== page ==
Pissed Jeans – Swallow / Throbbing Organ (Sub Pop Records)
6th October 2014
The Pennsylvania four-piece Pissed Jeans reissue their rather rowdy debut album. Louder Than War’s Lewis Gilmore reviews.
Since their formation in 2004, Pissed Jeans have worked hard to build a name for themselves (a rather disgusting name, granted, but this is punk we’re talking about). Their brand of traditional hardcore noise rock has bought them a loyal following, and this led Fuse TV to name them as one of the must see acts of last year’s South by South West Festival.
The band’s increased popularity has now resulted in this re-release of their 2005 8-track debut record “Shallow”, (along with their standalone first single “Throbbing Organ”, included as a bonus offering here), and it’s nothing if not a noisy affair from start to finish.
Let’s not beat around the bush, there’s no avoiding the fact that this is raw hardcore punk at its purest. Punk Tartare, if you will. Pissed Jeans clearly adore the genre and take their influences from many of the US ’80s acts that helped shape that sound. This record serves as a valentines card to the whole movement and the band clearly make no apology for that.
What perhaps, is more surprising, are the methods they employ to create the madness. “Shallow” is messy and rambunctious to be sure, but it’s also disciplined, and displays an impressive level of musicianship. Songs break when they’re meant to break, and kick back in in the same fashion. Despite the anarchic sound that runs through every track, it’s clear there’s a significant amount of effort put into crafting the songs.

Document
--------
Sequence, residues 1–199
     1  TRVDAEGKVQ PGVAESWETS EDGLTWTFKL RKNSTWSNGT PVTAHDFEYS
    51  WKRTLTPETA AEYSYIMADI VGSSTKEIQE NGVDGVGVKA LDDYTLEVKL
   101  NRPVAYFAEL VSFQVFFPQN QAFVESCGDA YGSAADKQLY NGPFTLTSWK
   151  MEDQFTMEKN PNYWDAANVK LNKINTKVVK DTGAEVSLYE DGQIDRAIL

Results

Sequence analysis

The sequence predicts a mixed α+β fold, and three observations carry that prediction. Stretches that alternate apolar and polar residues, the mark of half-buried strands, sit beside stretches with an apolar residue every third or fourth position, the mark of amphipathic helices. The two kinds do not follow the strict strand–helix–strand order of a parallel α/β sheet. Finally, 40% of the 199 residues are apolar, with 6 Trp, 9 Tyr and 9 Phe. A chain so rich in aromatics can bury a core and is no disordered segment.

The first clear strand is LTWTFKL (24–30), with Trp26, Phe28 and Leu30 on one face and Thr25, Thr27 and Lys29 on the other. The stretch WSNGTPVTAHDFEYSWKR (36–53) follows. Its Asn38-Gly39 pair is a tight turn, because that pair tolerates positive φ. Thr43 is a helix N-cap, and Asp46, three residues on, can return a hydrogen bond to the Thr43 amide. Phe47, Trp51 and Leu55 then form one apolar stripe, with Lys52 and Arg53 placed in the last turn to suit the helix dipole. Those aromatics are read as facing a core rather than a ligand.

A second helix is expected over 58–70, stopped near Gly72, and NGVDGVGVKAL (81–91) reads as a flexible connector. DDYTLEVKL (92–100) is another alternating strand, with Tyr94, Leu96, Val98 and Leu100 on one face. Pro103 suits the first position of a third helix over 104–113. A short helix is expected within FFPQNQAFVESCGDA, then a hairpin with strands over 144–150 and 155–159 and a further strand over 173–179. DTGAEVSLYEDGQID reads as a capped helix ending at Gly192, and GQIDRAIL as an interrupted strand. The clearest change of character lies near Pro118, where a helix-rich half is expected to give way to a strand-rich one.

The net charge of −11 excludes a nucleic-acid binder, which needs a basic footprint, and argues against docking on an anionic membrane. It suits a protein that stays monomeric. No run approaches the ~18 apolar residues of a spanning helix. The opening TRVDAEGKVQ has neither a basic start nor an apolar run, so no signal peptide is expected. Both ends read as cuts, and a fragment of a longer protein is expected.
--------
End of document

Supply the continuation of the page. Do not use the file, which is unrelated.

Whilst the band clearly had no interest in adding effects or production gimmicks at this early stage in their career (their most recent 2013 album “Honeys” hints at a desire to achieve a slightly more involved sound), there are moments where a conscious nod towards building something more sophisticated can be detected. We shouldn’t get carried away, but the subdued 50 second bass intro on “Ugly Twin” demonstrates an appreciation for tension and texture, even if it’s not quite “Papa as a Rolling Stone”.
“Shallow” will no doubt be something of a treat for fans of the band who have been previously unable to get hold of the record (it’s been out of print for years), as well as fans of hardcore punk who consider themselves purists. This isn’t the most accessible album in the world, but it’s not meant to be either. It’s raucous, angry, energetic, and quite a lot of fun (listen to “Boring Girls” for what could be interpreted as “Fight for your Right” with Vyvyan from the The Young Ones on vocals). It’s also fair to say that this is clearly the sound of a band refining their sound, but they make the process interesting to listen to.
It won’t be for everyone, but this album serves as a solid introduction to the band, as well as the wider genre.
All words by Lewis Gilmore. More from Lewis can be found at his Louder Than War Author Archive.